The day after
The day after

 The day after - Sh'mini Atzeret & Simchat Torah features

torah opeds


OzTorah from Rabbi Dr Raymond Apple via 

Wed, Sep 26, 4:52 AM (6 days ago)

There are three views about the day after Simchat Torah:
* "I’m glad it’s all over. Synagogue Season knocks you out!"
* "I enjoyed it. Being in touch with your religion for a month is great!"
* "I don’t take it seriously, just an occasional passing nod!"

You encounter any or all of these views if you talk to people the day after the festival.

The fact is that though most Jews keep Rosh HaShanah (at least the first day) and Yom Kippur, only a minority bother with Sukkot and less than half keep Simchat Torah.

There may be two extra factors about Simchat Torah – some people come specially because it tends to be light-hearted, whilst others deliberately stay away because of the noise and length of the service.

The really important thing is to say to yourself, "Jewishness is part of my being, even if I don’t keep everything scrupulously. I really should spend a bit more time this year in becoming more knowledgeable as a Jew and even in trying out some of the practices that have never been part of my Jewish consciousness.".


In the haftarah for Sh’mini Atzeret, Solomon blesses Israel and says, "Let your heart be whole with the Lord your God" (I Kings 8:61).

To understand what it means to let the heart be whole, an analogy is called for.

Think of physics. The physicist used to know more or less everything about his subject, but now his discipline has many branches.

Once a builder had enough skill to cope with the whole job; today he needs an array of tradesmen.

In religion too, the old-time Jew was a Jack of all trades. He went to synagogue to pray, to learn, to give tz’dakah. The smallest community had a Chevra Shass or Chevra T’hillim; the poorest house had an array of charity pushkes.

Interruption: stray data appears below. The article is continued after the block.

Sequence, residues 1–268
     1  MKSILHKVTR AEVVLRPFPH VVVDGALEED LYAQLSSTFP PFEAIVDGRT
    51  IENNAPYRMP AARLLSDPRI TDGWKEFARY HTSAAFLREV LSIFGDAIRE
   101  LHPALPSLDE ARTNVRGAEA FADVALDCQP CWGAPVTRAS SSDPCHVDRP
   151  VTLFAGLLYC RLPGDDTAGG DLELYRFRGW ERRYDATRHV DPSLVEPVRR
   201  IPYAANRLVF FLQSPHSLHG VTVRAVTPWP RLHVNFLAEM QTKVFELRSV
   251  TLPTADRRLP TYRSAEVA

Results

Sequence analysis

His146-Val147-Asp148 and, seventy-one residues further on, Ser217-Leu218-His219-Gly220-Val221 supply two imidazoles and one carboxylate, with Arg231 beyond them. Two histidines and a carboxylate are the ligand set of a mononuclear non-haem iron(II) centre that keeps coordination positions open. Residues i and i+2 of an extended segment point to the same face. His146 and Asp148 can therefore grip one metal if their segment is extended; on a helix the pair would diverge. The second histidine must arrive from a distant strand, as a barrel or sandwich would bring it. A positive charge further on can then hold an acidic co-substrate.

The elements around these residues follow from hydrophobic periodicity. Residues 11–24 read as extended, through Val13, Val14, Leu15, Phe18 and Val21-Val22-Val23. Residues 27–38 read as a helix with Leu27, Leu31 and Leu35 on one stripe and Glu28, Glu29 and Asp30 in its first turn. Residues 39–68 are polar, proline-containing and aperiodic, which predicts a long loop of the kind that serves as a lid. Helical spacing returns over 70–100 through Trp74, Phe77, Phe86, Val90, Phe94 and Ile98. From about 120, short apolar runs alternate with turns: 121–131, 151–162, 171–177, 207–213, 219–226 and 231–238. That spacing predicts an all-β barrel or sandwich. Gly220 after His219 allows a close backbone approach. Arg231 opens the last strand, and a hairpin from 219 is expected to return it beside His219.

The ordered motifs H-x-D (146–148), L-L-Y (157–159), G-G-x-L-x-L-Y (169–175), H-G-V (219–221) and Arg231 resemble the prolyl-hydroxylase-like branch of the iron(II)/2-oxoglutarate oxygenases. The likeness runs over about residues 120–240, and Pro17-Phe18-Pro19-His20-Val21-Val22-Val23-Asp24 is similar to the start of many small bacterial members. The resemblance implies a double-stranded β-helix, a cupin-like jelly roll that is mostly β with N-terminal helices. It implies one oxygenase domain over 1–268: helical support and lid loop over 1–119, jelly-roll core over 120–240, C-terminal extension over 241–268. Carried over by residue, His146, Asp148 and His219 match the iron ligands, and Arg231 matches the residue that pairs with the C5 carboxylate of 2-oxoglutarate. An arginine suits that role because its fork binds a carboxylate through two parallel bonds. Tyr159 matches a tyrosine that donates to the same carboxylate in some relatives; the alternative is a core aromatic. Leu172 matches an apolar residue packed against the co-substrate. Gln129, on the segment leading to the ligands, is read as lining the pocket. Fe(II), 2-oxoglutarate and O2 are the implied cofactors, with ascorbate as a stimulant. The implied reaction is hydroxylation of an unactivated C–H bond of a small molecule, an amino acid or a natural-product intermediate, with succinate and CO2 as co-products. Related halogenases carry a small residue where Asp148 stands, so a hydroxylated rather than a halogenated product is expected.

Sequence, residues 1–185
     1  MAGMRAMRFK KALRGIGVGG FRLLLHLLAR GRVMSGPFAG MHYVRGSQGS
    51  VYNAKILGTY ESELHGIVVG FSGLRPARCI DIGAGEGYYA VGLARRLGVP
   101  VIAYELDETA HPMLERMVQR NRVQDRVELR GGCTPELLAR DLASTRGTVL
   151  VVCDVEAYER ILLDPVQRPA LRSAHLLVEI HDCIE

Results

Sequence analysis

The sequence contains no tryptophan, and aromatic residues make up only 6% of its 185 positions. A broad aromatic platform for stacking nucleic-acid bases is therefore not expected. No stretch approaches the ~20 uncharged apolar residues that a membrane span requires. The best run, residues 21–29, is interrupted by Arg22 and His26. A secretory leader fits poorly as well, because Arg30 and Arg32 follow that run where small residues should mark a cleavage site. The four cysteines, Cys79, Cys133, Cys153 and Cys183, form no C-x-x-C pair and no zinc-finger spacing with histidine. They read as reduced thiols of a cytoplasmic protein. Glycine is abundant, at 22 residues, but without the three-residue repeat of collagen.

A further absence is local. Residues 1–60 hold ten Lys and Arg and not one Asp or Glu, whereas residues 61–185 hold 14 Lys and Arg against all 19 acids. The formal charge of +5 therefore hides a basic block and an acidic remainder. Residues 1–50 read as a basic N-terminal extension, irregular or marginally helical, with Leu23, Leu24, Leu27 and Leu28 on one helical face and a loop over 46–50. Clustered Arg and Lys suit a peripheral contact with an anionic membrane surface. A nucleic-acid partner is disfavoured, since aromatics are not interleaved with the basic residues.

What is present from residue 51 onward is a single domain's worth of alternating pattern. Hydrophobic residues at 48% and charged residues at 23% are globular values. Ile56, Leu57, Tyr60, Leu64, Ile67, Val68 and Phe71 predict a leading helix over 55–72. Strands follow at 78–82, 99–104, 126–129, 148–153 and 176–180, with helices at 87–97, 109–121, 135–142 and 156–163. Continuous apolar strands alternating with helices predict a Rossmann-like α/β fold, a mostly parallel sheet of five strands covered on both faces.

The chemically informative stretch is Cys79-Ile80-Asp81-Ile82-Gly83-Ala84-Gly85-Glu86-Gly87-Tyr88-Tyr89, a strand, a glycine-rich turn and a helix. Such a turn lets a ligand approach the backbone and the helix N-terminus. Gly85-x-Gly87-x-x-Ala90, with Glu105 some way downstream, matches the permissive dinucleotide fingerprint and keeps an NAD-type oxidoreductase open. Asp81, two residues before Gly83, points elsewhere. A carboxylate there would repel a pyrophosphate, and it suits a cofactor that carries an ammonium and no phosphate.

A Jew wore tzitzit, put on tefillin, bensched after meals. On Shabbat he was a king and his wife was a queen; the children were princes and princesses. In business all was honest and above board. At night one could face God and one’s conscience.

These were all-round Jews; their hearts were whole with the Lord their God.

Today many lead a fragmented Jewish life. We support the synagogue but don’t pray, establish schools but don’t study, give to the Holy Land but don’t think of living there.

We daven without understanding, refrain from food but speak lashon ha-ra on Yom Kippur, eat matzah on Pesach but ignore those who eat the bread of affliction all the year.

We are Bar-Mitzvah, cemetery, food or humour Jews.

We think because in other areas the Jack of all trades is outmoded, it is like that in Jewish life too. As a result, Judaism suffers; we all suffer, because we miss the full richness of the Jewish experience.

In Judaism you can have your own emphases, but you have to be a Jack (or Ya’akov) of all trades.